Formula: Be2(BO3)(OH)
Anhydrous borate containing hydroxyl, beryllium-bearing mineral
Specific gravity: 2.347 to 2.372
Hardness: 7½
Streak: White
Colour: Colourless, greyish, yellowish, colourless in transmitted light
Solubility: Soluble in HF


Hambergite is an uncommon accessory mineral in granite and syenite pegmatites. Associated minerals include beryl, danburite, apatite, spodumene, zircon, fluorite, feldspar and quartz (HOM).
Although originally described from an alkaline syenite pegmatite, the majority of hambergite occurrences are in complex lithium-rich granite pegmatites of the elbaite or transitional elbaite-lepidolite subtypes (CM 36.441-446).


In the Czech Republic hambergite occurs as an early phase in massive pegmatites from several localities or more commonly as a late phase in miarolitic pockets. Minerals associated with hambergite include manganese-rich elbaite, albite, quartz, K-feldspar, lepidolite, topaz, beryl, apatite and cookeite. Hambergite formed simultaneously with hydrothermal minerals such as bavenite, herderite and danburite, but prior to zeolites and clay minerals.
The Czech elbaite-bearing pegmatites are characterised by rare occurrence of micas, the presence of manganese-rich elbaite, and dominance of K-feldspar over albite (CM 36.441-446).

At the type locality, Salbutangen, Helgeroa, Langesundsfjorden, Larvik, Vestfold og Telemark, Norway, hambergite occurs in a syenite pegmatite associated with zircon, sodalite, fluorite, ferro-hornblende, feldspar, biotite and analcime (Mindat).

At Stak Nala, Haramosh Mountains, Roundu District, Gilgit-Baltistan, Pakistan, twin crystals of hambergite have been found attached to prisms of tricolored elbaite. Both minerals are partially coated with white fine-grained boron-rich muscovite. This assemblage is consistent with formation in a pocket environment in a granite pegmatite (CM 34.615-621).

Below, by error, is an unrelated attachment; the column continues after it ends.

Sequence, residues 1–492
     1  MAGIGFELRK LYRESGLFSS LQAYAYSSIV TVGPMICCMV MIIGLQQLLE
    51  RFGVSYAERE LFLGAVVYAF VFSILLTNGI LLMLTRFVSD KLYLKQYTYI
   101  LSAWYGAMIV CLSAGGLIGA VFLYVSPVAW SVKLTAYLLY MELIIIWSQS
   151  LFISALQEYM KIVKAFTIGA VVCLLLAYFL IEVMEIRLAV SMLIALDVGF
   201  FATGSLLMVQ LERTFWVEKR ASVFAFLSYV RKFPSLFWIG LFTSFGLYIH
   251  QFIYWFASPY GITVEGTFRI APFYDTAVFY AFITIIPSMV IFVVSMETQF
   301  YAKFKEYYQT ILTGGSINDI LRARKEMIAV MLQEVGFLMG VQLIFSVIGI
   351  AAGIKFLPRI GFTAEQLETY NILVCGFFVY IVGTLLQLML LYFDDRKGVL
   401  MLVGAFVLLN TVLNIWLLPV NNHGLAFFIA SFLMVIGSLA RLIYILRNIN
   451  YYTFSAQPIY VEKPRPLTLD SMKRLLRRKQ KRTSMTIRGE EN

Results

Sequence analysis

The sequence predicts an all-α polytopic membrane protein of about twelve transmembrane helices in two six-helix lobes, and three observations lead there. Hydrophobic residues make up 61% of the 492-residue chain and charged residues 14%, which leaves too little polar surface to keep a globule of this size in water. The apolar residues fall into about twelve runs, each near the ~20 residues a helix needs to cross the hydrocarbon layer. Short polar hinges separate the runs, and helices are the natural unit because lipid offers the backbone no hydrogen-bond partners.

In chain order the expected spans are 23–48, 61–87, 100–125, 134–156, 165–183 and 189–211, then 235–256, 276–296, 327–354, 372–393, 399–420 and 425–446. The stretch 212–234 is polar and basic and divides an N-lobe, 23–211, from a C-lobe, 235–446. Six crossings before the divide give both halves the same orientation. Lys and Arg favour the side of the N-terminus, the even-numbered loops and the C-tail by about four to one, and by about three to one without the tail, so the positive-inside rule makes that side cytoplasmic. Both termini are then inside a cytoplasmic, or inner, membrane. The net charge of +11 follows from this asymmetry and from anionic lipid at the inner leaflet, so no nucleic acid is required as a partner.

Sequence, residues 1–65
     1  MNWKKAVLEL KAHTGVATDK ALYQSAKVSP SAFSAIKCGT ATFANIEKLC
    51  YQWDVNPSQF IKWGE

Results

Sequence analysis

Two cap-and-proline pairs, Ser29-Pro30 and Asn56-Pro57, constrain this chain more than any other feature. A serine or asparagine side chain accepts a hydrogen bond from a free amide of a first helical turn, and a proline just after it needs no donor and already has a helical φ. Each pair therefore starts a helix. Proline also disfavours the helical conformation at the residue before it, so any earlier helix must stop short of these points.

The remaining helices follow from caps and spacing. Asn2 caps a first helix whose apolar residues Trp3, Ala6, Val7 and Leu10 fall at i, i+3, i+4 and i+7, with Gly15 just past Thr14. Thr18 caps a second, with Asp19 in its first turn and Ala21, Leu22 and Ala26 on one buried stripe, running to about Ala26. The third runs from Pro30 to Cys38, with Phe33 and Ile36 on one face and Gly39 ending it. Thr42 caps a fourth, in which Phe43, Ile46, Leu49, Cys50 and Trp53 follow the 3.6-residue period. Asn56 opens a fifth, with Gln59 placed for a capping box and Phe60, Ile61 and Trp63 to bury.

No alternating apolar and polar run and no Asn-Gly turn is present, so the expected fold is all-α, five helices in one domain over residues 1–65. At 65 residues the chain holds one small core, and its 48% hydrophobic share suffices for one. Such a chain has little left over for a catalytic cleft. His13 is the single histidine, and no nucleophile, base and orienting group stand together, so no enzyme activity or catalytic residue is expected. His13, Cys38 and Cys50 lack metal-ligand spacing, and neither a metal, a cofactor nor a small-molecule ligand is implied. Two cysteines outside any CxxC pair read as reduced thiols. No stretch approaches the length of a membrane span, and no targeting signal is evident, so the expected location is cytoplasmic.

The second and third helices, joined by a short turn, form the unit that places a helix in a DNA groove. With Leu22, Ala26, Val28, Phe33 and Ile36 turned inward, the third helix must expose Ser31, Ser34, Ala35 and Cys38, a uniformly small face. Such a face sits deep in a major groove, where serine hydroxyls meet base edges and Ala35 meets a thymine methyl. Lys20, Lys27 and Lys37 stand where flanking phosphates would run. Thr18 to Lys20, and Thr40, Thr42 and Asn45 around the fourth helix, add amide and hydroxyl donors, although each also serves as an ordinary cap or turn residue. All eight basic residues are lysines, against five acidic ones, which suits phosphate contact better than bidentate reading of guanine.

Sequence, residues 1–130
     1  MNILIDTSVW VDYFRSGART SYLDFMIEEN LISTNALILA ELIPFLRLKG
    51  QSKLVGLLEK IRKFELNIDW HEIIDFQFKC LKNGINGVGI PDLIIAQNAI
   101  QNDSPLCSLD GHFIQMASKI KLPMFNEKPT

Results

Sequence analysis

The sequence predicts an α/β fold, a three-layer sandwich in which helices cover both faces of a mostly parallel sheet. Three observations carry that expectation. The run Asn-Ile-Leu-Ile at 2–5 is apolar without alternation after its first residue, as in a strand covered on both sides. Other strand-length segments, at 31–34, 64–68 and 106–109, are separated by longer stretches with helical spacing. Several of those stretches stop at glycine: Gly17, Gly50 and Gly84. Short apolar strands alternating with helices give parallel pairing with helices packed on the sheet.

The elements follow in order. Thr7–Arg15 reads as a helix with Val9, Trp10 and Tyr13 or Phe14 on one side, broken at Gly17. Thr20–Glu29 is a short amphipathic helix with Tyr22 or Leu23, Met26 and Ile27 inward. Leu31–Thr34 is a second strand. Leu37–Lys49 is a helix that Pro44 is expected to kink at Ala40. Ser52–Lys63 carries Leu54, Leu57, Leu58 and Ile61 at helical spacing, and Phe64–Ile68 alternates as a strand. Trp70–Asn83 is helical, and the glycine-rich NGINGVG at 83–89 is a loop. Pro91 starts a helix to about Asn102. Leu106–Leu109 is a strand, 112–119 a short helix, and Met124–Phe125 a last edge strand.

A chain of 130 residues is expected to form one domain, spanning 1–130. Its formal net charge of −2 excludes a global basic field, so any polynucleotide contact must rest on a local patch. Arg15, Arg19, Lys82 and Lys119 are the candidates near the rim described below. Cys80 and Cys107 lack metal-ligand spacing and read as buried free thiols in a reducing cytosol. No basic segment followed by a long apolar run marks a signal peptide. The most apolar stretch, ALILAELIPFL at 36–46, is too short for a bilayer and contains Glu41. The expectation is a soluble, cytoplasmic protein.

At the Little Three Mine, Ramona, Ramona Mining District, San Diego County, California, USA, in the section of the dike in which hambergite was found, cleavelandite was common and formed typical rounded growths between light smoky quartz crystals. The hambergite was found in small nests several inches in diameter, growing on quartz and cleavelandite. Several of the quartz crystals had either implanted or completely embedded hambergite crystals. Aside from quartz the mineral most intimately associated with hambergite is cookeite. Other associated minerals are lepidolite and topaz. These associations point to a genesis for hambergite earlier than the pocket quartz, microcline perthite and topaz, but later than cleavelandite, which was found penetrating hambergite crystals (AM 50.85-95).

Back to Minerals